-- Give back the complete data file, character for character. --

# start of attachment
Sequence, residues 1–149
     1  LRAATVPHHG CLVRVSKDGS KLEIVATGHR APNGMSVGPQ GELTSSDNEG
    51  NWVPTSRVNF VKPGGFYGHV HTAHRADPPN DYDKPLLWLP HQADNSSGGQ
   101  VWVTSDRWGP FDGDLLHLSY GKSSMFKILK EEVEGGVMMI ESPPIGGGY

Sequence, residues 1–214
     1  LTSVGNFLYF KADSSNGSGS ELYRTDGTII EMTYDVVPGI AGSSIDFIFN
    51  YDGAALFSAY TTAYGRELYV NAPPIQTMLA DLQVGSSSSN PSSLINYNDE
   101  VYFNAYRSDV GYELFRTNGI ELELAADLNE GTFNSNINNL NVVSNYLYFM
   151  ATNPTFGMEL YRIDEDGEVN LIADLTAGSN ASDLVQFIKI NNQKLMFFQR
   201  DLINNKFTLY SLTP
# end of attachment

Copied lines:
Sequence, residues 1–149
     1  LRAATVPHHG CLVRVSKDGS KLEIVATGHR APNGMSVGPQ GELTSSDNEG
    51  NWVPTSRVNF VKPGGFYGHV HTAHRADPPN DYDKPLLWLP HQADNSSGGQ
   101  VWVTSDRWGP FDGDLLHLSY GKSSMFKILK EEVEGGVMMI ESPPIGGGY

Sequence, residues 1–214
     1  LTSVGNFLYF KADSSNGSGS ELYRTDGTII EMTYDVVPGI AGSSIDFIFN
    51  YDGAALFSAY TTAYGRELYV NAPPIQTMLA DLQVGSSSSN PSSLINYNDE
   101  VYFNAYRSDV GYELFRTNGI ELELAADLNE GTFNSNINNL NVVSNYLYFM
   151  ATNPTFGMEL YRIDEDGEVN LIADLTAGSN ASDLVQFIKI NNQKLMFFQR
   201  DLINNKFTLY SLTP